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NOW is the time to communicate your health care wishes.

Advance Directives

Advance directives are the key to having your health care wishes respected

We all want our health care wishes to be respected. If you are mentally competent and conscious you can communicate your wishes to your doctors and you have the right to have those wishes followed. However, what if you are ill or injured and lose your capacity to make or communicate decisions? If you have not filled out a health care proxy form, your wishes might not be known or respected.

Too many times we have heard stories about people suffering terribly at the end of their lives and being kept alive by machines, contrary to their health care wishes because no one knew their health care wishes. Now, while you are healthy, is the time to communicate with your loved ones and doctors about your treatment preferences, and to appoint a trusted person to make these decisions for you if you cannot. This is a gift to your loved ones and yourself.

It’s always too early until it’s too late.

Approximately 70 percent of us will lose decision-making capacity at the end of life. For this reason, among others, it is important to complete a health care proxy, designate a health care agent and alternate agent, and communicate your health care preferences. Failure to do so makes it much more likely that decisions may be made by someone you would not have chosen and that those decisions will not be consistent with your wishes. In addition, when no one knows the wishes of a loved one, conflicts can arise. None of us want to have our children or other loved ones disputing what we would have wanted or what is in our best interest.

There are many reasons that people give for not completing advance directives; for example, "I don't save time," or "It's too overwhelming, or "I don't like talking about these things." None of these reasons is good enough. There’s a saying: “It’s always too early until it’s too late.” You never know when you might become unable to communicate your wishes due to illness or injury. Advance directives should be filled out now before it’s too late.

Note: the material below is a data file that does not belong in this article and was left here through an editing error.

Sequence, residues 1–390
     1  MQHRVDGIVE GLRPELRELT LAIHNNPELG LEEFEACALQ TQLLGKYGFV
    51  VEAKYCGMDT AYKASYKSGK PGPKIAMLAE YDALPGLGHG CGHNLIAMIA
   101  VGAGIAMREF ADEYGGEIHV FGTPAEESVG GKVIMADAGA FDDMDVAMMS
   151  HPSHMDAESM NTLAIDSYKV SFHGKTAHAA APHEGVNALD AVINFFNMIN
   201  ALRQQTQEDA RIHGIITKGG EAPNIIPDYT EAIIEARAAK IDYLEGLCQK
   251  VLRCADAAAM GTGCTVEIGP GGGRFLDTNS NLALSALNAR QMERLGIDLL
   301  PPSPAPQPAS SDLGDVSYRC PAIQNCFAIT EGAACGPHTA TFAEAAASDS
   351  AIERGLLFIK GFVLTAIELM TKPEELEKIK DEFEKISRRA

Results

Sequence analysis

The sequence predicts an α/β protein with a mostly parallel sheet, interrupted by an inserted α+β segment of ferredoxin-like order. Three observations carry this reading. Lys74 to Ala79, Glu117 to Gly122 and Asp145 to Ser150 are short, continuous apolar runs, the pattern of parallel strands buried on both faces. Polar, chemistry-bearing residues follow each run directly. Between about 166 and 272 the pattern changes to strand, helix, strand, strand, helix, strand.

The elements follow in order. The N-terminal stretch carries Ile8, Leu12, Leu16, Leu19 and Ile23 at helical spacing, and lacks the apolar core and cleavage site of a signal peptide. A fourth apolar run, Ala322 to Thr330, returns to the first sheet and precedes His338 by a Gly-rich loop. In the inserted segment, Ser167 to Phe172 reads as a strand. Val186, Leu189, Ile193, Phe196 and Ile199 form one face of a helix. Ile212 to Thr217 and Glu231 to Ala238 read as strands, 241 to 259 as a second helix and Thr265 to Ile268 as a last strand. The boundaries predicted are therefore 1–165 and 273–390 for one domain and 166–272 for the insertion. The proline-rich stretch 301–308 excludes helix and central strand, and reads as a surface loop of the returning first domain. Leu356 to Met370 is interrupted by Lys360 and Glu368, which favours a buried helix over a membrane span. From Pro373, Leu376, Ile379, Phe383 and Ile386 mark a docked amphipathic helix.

You should discuss with your loved ones what makes life worthwhile and gives it meaning. Decisions concerning life-sustaining treatment are the most difficult for people to make, so you might want to discuss different scenarios to help guide the person making decisions for you as well as other family members. Here are a few examples of situations that might arise that you may want to discuss:

  • If have advanced dementia, are 90 years old, no longer recognize your loved ones and have lost the ability to feed yourself, would you want to be hand fed?
  • If you are terminally ill and in severe, intolerable pain, would you want to be sedated to unconsciousness if that was the only way to control the pain?
  • If you were unconscious and not expected to recover, would you want a feeding tube?

Suggestions for ways to discuss these and other situations can be found on The Conversation Project website, where you can download “Your Conversation Starter Kit”.

There are several advance directives to consider when stating your health care preferences: a living will, a MOLST form, a dementia advance directive, and a DNR. Click here to see their descriptions.

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